Travel Agents

The rise of the ‘Travel Designer’ & how they’re replacing agents

Tara Harrison

Travel Weekly has spent quite a bit of time this year understanding the rise of the Travel Designer and how the face of agencies is changing.

In July, Vogue declared travel agents are the new black.

The article made major waves around the industry and claimed there’s a “fresh new crop of travel experts—more aptly described as travel designers—who offer resources far beyond the basics of organising flights, lodging, and tours”.

“These designers create trips that you can’t just book online, trips for travellers, not tourists. And discerning travellers, at that,” Vogue author, Jenn Rice, wrote.

Following on from that, Seabourn’s Senior Vice President of Global Marketing, Chris Austin, said agents should be called something else again.

Agents should be called ‘lifestyle planner’ instead of agent,” he told the crowd at the Cruise360 conference.

Austin explained that with agents forging better client relationships and getting to know their lifestyle choices and history, it’s less about selling travel and more about creating amazing life experiences.

So, with Vogue and The New York Times both heralding the incarnation of the Travel Designer, we sit down with luxury industry pundits to find out the day-to-day life of these new travel connoisseurs.

Who is the Travel Designer?

First of all, why a travel designer, and not a travel agent?

Our experts believe, particularly in the luxury space, that designers are future-proofed, heavy on service rather than logistics.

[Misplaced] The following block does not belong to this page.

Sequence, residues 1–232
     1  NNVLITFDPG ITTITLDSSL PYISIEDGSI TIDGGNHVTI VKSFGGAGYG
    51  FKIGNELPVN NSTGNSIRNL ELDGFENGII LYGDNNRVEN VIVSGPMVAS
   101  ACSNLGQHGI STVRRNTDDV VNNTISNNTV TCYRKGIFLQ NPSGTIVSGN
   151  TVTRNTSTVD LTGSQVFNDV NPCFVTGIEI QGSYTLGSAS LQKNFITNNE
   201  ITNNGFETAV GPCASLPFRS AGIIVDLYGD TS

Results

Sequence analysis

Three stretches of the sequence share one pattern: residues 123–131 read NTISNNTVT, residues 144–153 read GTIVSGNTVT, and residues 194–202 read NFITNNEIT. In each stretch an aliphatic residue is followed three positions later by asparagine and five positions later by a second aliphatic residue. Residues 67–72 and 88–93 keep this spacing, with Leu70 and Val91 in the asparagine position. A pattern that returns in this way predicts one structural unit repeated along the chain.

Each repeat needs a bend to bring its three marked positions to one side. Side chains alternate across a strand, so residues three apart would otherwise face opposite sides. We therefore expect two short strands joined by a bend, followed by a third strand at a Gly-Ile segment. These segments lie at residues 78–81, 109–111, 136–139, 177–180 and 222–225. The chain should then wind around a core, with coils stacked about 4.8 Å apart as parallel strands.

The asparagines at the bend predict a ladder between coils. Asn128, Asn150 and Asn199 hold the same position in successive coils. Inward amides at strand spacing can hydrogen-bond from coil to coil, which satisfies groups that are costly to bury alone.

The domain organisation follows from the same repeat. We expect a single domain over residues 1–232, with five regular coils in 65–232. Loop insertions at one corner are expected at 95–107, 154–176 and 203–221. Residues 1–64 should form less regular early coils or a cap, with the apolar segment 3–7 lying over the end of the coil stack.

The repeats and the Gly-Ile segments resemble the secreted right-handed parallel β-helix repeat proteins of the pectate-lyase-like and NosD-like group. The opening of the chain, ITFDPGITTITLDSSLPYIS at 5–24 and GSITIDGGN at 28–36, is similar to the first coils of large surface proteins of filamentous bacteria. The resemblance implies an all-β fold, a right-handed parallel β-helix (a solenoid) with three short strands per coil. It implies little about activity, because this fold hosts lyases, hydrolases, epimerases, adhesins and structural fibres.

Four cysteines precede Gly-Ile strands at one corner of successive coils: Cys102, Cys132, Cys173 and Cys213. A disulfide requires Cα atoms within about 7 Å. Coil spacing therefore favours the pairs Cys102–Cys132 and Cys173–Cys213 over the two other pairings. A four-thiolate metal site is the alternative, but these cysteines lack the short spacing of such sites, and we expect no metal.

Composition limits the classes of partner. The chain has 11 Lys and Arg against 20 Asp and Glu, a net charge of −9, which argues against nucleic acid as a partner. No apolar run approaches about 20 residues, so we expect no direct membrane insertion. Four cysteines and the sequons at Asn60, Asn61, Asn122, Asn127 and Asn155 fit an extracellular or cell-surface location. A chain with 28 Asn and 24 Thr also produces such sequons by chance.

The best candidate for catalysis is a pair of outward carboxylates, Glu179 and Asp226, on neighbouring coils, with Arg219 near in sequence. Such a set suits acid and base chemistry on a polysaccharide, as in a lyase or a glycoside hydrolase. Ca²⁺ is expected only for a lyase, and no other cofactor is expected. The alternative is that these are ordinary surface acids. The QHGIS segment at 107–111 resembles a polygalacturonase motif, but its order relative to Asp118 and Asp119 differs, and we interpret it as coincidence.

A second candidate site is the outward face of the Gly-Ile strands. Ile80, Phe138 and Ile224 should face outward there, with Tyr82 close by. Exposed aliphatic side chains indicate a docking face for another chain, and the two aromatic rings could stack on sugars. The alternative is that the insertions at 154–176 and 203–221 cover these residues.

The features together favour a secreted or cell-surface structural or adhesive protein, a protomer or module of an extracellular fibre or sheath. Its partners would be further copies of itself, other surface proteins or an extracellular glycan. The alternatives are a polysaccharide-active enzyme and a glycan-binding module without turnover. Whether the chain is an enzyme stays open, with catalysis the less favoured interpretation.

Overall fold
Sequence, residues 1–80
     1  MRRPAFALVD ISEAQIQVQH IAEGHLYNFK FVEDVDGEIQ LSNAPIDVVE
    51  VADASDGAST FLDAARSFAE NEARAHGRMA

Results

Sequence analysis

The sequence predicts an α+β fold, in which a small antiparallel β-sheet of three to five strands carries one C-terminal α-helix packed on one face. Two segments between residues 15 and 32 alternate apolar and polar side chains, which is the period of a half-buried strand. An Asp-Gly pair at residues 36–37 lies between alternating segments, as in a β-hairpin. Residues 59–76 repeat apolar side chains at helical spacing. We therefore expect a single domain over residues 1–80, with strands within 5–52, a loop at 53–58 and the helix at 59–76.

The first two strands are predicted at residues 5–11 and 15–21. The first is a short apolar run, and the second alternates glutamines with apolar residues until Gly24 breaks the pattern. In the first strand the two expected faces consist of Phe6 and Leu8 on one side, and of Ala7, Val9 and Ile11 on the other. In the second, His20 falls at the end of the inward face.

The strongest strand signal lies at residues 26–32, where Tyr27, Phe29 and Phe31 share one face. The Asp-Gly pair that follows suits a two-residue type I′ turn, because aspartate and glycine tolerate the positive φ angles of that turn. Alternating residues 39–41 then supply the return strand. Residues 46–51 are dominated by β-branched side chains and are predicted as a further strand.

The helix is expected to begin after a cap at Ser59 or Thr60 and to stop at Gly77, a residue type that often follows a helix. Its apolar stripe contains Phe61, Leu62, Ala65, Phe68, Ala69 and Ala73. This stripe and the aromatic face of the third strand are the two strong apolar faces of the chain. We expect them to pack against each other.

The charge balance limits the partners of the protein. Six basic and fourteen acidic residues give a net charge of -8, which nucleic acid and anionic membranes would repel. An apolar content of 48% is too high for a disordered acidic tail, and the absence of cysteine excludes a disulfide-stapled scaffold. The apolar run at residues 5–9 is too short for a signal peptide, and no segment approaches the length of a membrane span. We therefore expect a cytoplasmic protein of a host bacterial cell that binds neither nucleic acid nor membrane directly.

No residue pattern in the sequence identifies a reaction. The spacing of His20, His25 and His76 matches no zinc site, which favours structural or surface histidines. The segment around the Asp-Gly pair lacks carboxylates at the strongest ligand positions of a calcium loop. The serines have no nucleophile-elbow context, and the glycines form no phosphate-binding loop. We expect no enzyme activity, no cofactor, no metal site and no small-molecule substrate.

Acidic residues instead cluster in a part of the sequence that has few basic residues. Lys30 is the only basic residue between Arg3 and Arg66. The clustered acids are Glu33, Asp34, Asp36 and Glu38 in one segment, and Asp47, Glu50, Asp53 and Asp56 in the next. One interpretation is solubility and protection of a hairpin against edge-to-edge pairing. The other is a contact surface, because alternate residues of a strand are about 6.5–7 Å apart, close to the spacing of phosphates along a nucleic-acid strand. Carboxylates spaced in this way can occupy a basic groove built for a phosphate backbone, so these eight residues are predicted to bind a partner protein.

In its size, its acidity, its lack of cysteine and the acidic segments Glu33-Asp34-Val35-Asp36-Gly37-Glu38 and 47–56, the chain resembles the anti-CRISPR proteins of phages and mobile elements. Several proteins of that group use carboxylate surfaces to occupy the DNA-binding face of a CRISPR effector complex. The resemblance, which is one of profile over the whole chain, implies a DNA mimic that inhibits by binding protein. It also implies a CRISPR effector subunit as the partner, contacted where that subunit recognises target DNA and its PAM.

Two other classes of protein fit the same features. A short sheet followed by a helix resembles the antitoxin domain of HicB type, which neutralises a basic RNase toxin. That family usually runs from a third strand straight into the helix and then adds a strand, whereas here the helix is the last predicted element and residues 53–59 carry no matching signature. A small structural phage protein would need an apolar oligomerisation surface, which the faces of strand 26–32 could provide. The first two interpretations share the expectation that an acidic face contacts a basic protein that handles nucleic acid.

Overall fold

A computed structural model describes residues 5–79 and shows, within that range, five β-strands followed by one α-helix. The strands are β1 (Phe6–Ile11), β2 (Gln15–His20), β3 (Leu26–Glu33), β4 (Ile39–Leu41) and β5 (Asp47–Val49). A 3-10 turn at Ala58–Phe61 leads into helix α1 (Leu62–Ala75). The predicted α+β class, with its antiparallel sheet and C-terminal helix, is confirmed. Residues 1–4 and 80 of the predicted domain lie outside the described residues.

“The best analogy is the stock broker and the financial advisor,” Virtuoso Managing Director Michael Londregran said.

“The travel designer takes each trip or client enquiry with two hands, picks it up and apart, and looks at it for every angle while grilling their traveller with hundreds of question.”

“Every detail is thought through: travel times, aircraft, where to sit. They have insider info, contacts, they’re only a phone call away, 24/7, they swing upgrades, arrange surprises, are present during each step of that trip,” Smartflyer managing director Eliza Woodward said.

It roundly is the difference between booking logistics and holistically working out what the client needs and desires and making the logistics fit that outcome.

“A travel designer offers a more personalised service and is an expert in designing the best tailor-made itineraries,” Ensemble Travel Senior Vice President Trish Sheppard said.

“Agents should be called lifestyle planner instead of agent,” Seabourn senior vice president of global marketing Chris Austin said.

What do Designers do?

Generally there is going to be an existing client relationship. For those without, however, designers need glean as much information from the client before they begin designing an itinerary.

Bespoke luxury travel agency, The Tailor, has this down to a fine art.

“Nothing is left to chance,” Managing Director, Drew Kluska, said.

“The key and skill of our travel designers is to quickly be able to interpret what they are being told and translate that into a journey. We have a very clear set of questions that we have developed over 20 years to extract this information.”

“The luxury space is about personalisation more than anything else – clients are looking for tailored solutions to their individual needs,” Londregran said.

“Having existing knowledge of clients and their preferences is earned over time and this knowledge allows advisors to deliver different experiences for clients.”

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